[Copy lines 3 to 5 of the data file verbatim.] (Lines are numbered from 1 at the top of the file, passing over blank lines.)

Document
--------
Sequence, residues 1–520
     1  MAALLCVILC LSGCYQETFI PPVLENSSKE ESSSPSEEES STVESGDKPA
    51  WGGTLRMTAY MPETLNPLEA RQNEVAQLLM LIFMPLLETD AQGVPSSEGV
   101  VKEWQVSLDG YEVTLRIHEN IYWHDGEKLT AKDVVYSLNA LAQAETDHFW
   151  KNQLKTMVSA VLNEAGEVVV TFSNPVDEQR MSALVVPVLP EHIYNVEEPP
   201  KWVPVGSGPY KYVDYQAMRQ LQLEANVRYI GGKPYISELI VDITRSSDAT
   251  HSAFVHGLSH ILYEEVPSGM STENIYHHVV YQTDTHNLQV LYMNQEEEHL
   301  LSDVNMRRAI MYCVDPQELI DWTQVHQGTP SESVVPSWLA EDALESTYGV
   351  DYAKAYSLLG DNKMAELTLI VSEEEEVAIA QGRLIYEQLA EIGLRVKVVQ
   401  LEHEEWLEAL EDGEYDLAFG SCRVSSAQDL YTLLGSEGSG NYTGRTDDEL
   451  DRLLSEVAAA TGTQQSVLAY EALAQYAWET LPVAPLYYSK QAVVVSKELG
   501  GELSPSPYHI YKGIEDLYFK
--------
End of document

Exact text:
    51  WGGTLRMTAY MPETLNPLEA RQNEVAQLLM LIFMPLLETD AQGVPSSEGV
   101  VKEWQVSLDG YEVTLRIHEN IYWHDGEKLT AKDVVYSLNA LAQAETDHFW
   151  KNQLKTMVSA VLNEAGEVVV TFSNPVDEQR MSALVVPVLP EHIYNVEEPP